Sun signs on to Microsoft’s Universal Plug and Play

Sun Microsystems Inc. happily got caught with its hands in a rival’s cookie jar this week when the company joined the Microsoft Corp.-led Universal Plug and Play (UPnP) Forum.

Some observers see UPnP as a rival to a technology being developed by Sun called Jini. Both technologies, which are still being developed, allow devices like printers and scanners to be connected easily to networks, and then to electronically “announce their presence” on the network so that users can tap into their services.

Sun’s name quietly appeared Monday on the list of participating members on the UPnP Web site. Palo Alto, Calif.-based Sun now looks to have a foot in both of the next-generation technology camps.

Greg Sullivan, lead product manger at Microsoft, said Sun’s membership in the UPnP Forum lends support to the organization’s efforts and does not pose a threat.

“I think this is great for the UPnP Forum,” he said. “It demonstrates the momentum behind the project.”

Sullivan stressed that UPnP focuses on open communication protocols, an open computing language and the removal of licensing fees for the technology. He said the open nature of the project makes Sun’s addition just another step toward advancing the effort and delivering devices sooner.

Over 260 companies have joined the forum, and Sullivan said some of the vendors may start showcasing UPnP-compatible devices by 2001.

“Many of the companies involved compete with each other,” he said. “There is a friendly level of competition among them to say, Hey, we are going to ship the next device.”

Ross Rubin, vice-president and chief researcher at Jupiter Research, said he found Sun’s involvement in UPnP to be an interesting move.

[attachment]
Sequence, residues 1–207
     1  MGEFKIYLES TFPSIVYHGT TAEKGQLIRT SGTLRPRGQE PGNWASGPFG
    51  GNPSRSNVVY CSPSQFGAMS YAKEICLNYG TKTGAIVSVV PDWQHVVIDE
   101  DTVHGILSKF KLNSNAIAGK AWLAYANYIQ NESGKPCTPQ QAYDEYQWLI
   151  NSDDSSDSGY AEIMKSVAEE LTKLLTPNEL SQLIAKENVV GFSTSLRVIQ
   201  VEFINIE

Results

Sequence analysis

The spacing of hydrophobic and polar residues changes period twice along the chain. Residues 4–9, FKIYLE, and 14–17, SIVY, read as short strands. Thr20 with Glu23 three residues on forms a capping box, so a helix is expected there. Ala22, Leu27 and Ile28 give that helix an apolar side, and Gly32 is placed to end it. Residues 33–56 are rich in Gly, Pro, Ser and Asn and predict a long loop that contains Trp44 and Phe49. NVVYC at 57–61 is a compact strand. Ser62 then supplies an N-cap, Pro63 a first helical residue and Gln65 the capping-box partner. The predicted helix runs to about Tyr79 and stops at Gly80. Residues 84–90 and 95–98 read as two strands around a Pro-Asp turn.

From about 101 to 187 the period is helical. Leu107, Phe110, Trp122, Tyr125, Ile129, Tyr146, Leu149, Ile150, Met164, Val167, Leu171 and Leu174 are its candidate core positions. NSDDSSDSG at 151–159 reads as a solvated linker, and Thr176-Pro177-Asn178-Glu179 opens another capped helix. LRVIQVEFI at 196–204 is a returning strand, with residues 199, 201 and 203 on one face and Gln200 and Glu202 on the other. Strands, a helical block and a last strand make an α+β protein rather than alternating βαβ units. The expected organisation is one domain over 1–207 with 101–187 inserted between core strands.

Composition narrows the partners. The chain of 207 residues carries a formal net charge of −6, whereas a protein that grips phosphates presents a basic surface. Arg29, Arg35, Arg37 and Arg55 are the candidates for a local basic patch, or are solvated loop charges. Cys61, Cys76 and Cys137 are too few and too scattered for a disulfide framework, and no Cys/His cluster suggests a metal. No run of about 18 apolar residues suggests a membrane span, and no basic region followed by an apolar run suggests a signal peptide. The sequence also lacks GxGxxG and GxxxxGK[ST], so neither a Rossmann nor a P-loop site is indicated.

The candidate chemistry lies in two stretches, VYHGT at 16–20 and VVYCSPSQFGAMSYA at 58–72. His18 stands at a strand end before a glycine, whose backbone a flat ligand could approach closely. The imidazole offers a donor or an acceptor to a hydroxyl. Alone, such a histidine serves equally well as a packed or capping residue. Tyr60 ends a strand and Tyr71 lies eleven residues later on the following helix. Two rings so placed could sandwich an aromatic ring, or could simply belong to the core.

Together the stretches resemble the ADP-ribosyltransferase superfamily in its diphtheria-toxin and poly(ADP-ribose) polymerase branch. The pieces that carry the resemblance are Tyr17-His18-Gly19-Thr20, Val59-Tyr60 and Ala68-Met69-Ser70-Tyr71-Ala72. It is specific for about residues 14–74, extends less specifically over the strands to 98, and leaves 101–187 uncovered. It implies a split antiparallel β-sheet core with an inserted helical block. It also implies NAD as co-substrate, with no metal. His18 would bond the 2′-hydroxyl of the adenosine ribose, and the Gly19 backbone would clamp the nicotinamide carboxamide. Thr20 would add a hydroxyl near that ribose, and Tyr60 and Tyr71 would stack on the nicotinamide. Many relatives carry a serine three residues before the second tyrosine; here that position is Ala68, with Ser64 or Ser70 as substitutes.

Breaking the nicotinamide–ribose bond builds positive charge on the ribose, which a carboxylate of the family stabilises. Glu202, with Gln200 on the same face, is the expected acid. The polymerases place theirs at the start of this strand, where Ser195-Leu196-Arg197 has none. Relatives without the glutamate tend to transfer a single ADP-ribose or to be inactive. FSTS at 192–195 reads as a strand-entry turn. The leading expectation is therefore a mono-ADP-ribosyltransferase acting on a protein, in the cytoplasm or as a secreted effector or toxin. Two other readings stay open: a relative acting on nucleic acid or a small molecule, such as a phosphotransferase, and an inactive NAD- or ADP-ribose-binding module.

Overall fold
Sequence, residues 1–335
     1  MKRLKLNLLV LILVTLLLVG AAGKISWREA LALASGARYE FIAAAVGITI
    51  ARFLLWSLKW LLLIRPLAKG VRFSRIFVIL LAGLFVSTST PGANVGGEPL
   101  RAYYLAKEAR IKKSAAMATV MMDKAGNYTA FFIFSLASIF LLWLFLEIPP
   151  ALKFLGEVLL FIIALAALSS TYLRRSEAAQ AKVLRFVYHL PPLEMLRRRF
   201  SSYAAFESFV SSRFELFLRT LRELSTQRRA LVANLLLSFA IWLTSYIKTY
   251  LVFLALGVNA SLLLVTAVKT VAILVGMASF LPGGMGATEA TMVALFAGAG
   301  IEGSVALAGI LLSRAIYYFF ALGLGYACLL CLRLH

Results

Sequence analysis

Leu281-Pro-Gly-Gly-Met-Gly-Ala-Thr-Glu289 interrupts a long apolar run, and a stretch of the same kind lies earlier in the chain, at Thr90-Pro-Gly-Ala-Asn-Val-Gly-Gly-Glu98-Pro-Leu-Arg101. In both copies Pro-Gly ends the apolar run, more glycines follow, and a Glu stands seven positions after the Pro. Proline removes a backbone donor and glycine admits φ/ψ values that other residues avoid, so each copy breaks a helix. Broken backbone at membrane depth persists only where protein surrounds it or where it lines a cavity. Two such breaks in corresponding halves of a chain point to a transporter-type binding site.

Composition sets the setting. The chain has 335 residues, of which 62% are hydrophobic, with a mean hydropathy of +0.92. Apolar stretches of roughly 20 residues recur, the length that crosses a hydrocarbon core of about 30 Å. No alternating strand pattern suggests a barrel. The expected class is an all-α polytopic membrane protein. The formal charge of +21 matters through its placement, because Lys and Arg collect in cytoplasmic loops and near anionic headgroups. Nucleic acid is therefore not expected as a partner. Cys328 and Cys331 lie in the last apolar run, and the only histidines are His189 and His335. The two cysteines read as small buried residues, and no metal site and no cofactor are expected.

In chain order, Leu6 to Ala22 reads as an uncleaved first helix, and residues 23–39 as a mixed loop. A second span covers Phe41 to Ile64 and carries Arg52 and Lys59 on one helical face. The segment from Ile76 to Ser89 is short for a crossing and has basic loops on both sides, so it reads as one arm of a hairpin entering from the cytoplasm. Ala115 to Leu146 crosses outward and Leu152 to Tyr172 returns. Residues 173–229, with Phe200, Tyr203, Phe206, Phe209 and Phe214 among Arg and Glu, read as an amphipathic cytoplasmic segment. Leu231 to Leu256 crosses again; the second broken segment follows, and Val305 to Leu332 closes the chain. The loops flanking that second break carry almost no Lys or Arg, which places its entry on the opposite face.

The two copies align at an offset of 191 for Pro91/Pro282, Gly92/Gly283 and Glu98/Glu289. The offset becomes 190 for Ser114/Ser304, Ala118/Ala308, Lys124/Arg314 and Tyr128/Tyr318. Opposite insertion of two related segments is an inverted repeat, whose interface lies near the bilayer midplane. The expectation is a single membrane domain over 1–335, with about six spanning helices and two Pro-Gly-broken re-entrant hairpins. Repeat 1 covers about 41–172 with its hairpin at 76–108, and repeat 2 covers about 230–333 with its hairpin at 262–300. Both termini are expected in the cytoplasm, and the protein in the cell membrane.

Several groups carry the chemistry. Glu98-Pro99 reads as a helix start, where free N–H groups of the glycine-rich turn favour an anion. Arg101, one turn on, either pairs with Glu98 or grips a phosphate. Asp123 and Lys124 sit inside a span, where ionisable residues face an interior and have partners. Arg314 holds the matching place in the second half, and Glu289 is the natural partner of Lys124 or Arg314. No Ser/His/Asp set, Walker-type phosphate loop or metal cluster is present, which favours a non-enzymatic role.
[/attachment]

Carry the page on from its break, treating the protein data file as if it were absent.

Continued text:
“It is somewhat surprising to me,” he said. “Companies very often have different reasons for doing these kinds of things.”

In this case, Rubin said Microsoft probably wants to find ways to drive the still immature technology. Without wide industry support and the continuing work on a standards-based system, users simply will not see these devices of the future arrive for some time.

Curtis Sasaki, director of product marketing for Sun’s consumer technologies group, said that Sun will still concentrate on its Jini technology and will use its place in UPnP to take a gander at what the competition is up to.

“We kind of view this as another area that we have to get more information about,” he said. “It is not that we endorse it.”

Sun, like most of the UPnP members, cannot attend meetings related to the marketing or business strategies of UPnP devices. The company can, however, give its input on the development of the standards and see the status of product releases.

Microsoft included some UPnP software in its recently unveiled Windows Me consumer version of its operating system. Sullivan championed this release, but said the UPnP forum will not be reliant on Microsoft’s code.

“UPnP is independent of Windows,” he said. “It does not rely on Windows to work. But, will we make it work with Windows? You bet.”

Sasaki said that Sun would not lag behind UPnP’s efforts with Jini releases coming soon on the horizon. He added that Jini technology is currently being used by some health care management systems and airline reservation platforms and, like UPnP, is open-sourced. He also said devices might arrive ahead of the competition’s expectations.

“I think there will be devices sooner than they think,” he said.

Sun Microsystems, in Palo Alto, Calif., can be reached at Microsoft, in Redmond, Wash., can be reached at